Experiment with a different routine. If you feel drowsy, take a nap. In the office, restroom, car, conference room, library, etc. If you feel stressed, stamp it out by engaging in your senses. Listen to a song that lifts you, look at a picture of your loved ones, squeeze a hand grip, chew a gum, etc. If there’s a will, there’s a way.
Let’s use the habit of eating out of boredom as an example. If you have a craving make yourself wait 15 minutes before you are “allowed” to eat. Often in those 15 minutes you will likely become distracted by something else. Same goes to impulse buying. If you see a nice looking pair of shoe that you really like, sleep on it. Put it into your wishlist if you must. Let the world take a turn and then check out whether or not you really still want it.
For any habit there will be times when you’re not even aware you’re doing it, it’s hard to hold yourself responsible for those. But there will be times when you stop to contemplate it, and it’s at that point that you have the power to interrupt your pattern of behaviour. Act differently by doing something immediate yet mindful like taking a long breath. Your victories will be counted in the times you’ve successfully altered your mind’s direction away from the habit.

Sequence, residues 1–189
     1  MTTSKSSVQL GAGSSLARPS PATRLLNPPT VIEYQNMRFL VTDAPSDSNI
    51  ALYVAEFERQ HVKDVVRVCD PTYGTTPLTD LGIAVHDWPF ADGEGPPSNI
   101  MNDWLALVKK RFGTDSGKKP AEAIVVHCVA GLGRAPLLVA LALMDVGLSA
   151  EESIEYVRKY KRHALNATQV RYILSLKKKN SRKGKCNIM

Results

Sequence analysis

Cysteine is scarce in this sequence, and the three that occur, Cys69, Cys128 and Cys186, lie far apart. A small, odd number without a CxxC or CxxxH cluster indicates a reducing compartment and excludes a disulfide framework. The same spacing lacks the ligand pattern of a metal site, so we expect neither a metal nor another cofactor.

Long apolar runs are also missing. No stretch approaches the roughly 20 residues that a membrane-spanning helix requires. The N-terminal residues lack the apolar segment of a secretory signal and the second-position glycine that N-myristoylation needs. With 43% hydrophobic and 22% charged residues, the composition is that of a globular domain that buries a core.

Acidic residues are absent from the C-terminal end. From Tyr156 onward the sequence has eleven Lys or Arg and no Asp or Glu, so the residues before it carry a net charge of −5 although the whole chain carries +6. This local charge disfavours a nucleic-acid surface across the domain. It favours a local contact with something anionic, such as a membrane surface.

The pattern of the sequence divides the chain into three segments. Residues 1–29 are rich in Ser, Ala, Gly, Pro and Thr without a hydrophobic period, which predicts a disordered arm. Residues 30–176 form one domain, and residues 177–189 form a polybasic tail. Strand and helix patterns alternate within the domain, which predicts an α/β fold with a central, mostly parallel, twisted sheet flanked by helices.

Lest you get over overwhelmed. If all of your energy is placed on just one habit, you are about 10x’s more likely to change it than if your motivation, willpower, commitment, and energy is scattered amongst a number of challenging habit changes.
Jerry Seinfeld’s productivity secret. Print out a calendar and mark an ‘X’ on days you did a desired alternative activity on that day. This creates a chain of ‘X’s showing your progress. If you don’t do your specified task on one day, you don’t get an ‘X’.
There’s always some progress to recognize in a day, even on the most challenging or discouraging days. Celebrate each achievement, no matter how small. It helps you stay focused and motivated. You can eventually leverage that confidence toward subsequent larger successes.
Fill up your day with good habits. List down and prioritize habits that stimulate the mind, body and soul. Good examples include exercise, dancing, writing, gardening, cooking, etc. Sign yourself up for a long term goal like a marathon, dancing competition, singing competition, speech contest, etc. Having something to look forward to and prepare for, automatically incorporates the good habit into your life.
Realize that you are not alone. Worrying too much, complaining, always blaming others, disrespecting time, talking too much are just 5 of the many other bad habits that are affecting everyone around you. Some are in far worse conditions than you are. Read more about the 14 dreadful addictions that are currently affecting the lives of people around the world.
Get clear and focus on ‘why’ you want this new habit. Make sure this ‘why’ is very specific and personal. ‘To be healthier’ may not carry much of an impact. It has to be something that is bigger than you, something that truly brings joy to your soul like a mother quitting smoking for the well being and health of her baby.
“He who has a why to live can bear or deal with almost any how” ~Viktor Frankl.